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New Zealand's clobbering machine

There's a lengthy feature about my colleague Hautahi Kingi in the February issue of North and South.

Born and raised in Whanganui, Kingi is the progeny of a Māori father and Pākehā mother. Educated at kōhanga reo and kura kaupapa Māori, he spoke no English until he was seven. He went on to win scholarships to attend St George's, a preparatory school for Whanganui Collegiate, and another scholarship to finish his secondary education at Collegiate itself. In 2005 Kingi topped the school in accounting and statistics; from there the list of academic and sporting achievements continued, including runner-up for dux in his final year. In 2006 he won more scholarships to attend Victoria University to study maths and commerce.

Returning from Wellington to Whanganui for a Collegiate house party that year, Kingi assaulted a male student who'd been dating Kingi's girlfriend of three years. After completing 250 hours community work, apologising to the victim, and paying reparation, he was later sentenced to five months in prison, an extraordinary sentence given the very significant amends he'd already made. His case was later taken up by Queen's Counsel Colin Carruthers, and in September 2007 the judgement was finally overturned.

The story has the narrative arc of a movie script, a young man's fall from grace and subsequent redemption. Kingi has now almost completed a PHD in economics at ivy league Cornell University in upstate New York. Our paths first crossed last year when I was looking for speakers for a health symposium in Wellington. Google his name and news coverage of the case comes up. I was unperturbed; take the incident out of the picture, and Kingi's profile is insanely perfect. The stories were a remarkable glimpse of human frailty.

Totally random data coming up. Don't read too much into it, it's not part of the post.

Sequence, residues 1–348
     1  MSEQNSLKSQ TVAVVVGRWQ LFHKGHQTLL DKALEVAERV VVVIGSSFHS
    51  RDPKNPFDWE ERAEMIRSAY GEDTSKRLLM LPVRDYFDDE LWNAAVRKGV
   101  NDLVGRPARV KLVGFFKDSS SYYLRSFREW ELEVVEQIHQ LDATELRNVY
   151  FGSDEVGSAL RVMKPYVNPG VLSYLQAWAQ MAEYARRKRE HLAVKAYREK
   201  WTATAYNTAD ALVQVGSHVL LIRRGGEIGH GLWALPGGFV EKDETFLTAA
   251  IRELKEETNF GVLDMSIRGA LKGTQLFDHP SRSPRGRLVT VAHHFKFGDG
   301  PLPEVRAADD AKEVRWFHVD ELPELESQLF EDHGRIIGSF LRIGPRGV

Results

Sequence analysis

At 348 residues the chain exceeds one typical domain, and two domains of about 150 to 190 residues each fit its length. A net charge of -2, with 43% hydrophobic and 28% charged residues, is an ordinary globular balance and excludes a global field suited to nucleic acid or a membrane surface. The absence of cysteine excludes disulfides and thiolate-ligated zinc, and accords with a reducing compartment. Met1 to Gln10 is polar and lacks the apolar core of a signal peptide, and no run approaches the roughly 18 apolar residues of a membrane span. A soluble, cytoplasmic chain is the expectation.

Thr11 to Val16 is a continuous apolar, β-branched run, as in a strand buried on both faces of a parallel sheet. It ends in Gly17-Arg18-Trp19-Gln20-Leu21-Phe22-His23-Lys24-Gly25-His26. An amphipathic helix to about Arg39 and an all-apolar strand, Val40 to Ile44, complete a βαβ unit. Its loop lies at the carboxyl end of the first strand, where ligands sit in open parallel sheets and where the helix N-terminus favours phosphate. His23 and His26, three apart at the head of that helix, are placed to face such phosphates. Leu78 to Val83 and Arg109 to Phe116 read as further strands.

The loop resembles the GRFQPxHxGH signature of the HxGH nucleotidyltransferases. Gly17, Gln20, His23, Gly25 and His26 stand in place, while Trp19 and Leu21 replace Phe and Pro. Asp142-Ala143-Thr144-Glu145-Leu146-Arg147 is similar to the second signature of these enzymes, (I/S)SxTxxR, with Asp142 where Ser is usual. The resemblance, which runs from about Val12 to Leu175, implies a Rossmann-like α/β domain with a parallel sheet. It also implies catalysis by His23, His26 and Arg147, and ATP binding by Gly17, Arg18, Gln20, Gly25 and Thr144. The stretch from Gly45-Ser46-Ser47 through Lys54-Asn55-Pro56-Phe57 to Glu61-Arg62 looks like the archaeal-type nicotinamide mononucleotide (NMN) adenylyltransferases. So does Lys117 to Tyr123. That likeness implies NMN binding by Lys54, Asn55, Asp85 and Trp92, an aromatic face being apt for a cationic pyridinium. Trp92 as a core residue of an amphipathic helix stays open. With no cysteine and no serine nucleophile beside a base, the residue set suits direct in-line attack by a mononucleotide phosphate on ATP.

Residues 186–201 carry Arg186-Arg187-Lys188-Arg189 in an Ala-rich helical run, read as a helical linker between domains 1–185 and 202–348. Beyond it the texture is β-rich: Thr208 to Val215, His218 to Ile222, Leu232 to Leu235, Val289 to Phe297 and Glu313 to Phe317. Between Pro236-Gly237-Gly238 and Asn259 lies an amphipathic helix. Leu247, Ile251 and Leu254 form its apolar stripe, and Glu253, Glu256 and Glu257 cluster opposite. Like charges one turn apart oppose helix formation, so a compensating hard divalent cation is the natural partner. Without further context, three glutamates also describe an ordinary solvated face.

Kingi was ostracised by Whanganui Collegiate after the 2006 incident. The North and South article is, therefore, a quietly troubling read about the nastiness of provincial New Zealand (I was reminded of Janet Frame's Owls do Cry) and the latent racism of our criminal justice system. The big question posed by the article is would Kingi have been treated so harshly if he were white? Maori constitute 14.6% of the population of New Zealand and account for 51% of the country's prison population. The figure is even higher for Māori women at 58%. Researcher Kim Workman has found that Māori are five times more likely than other groups to be arrested. Not two years ago, the United Nations warned that New Zealand's high incarceration rate of Māori was a breach of international law.

Even in the case of a high achiever like Kingi, the system unleashes its prejudice. A decade ago when I left a management position at the Ministry of Education to start my own business, a senior manager said to me 'well aren't the Māori middle-class doing very nicely then?' Only last year a Pākehā literati pontificating about the position of Māori literature within the New Zealand canon, told me that 'some people would argue that literature is a European tradition.' Māori failure and success are both open to being judged and penalised.

Dr Carla Houkamou from the University of Auckland, Hautahi Kingi and I are now developing a study of systems bias towards African American and Māori children. Along with his experience as an international academic, Kingi brings a refreshing Gen Y positivity to the project, his mind is open, unfettered by dogma. His writing has the same breeziness and optimism, even when it focuses on weighty issues like immigration, poverty and Māori development. When our team of three meets on Skype, his face is fair, the eyes wide set, the smile broad. Despite the adversity of his recent history, I can still see the senior student from Whanganui Collegiate smiling at me from the pages of North and South. He is holding two trophies and a medal, and his face is beatific.

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